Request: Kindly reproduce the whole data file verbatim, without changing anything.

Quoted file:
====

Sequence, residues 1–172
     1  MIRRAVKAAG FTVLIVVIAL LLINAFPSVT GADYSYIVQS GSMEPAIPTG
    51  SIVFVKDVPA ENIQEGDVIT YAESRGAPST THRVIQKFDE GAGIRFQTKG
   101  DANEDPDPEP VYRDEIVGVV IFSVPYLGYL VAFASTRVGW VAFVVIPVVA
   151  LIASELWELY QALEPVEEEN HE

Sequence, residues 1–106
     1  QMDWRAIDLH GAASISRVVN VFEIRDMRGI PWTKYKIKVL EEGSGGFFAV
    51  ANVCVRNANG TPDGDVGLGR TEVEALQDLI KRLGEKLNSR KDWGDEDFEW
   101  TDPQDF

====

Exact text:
Sequence, residues 1–172
     1  MIRRAVKAAG FTVLIVVIAL LLINAFPSVT GADYSYIVQS GSMEPAIPTG
    51  SIVFVKDVPA ENIQEGDVIT YAESRGAPST THRVIQKFDE GAGIRFQTKG
   101  DANEDPDPEP VYRDEIVGVV IFSVPYLGYL VAFASTRVGW VAFVVIPVVA
   151  LIASELWELY QALEPVEEEN HE

Sequence, residues 1–106
     1  QMDWRAIDLH GAASISRVVN VFEIRDMRGI PWTKYKIKVL EEGSGGFFAV
    51  ANVCVRNANG TPDGDVGLGR TEVEALQDLI KRLGEKLNSR KDWGDEDFEW
   101  TDPQDF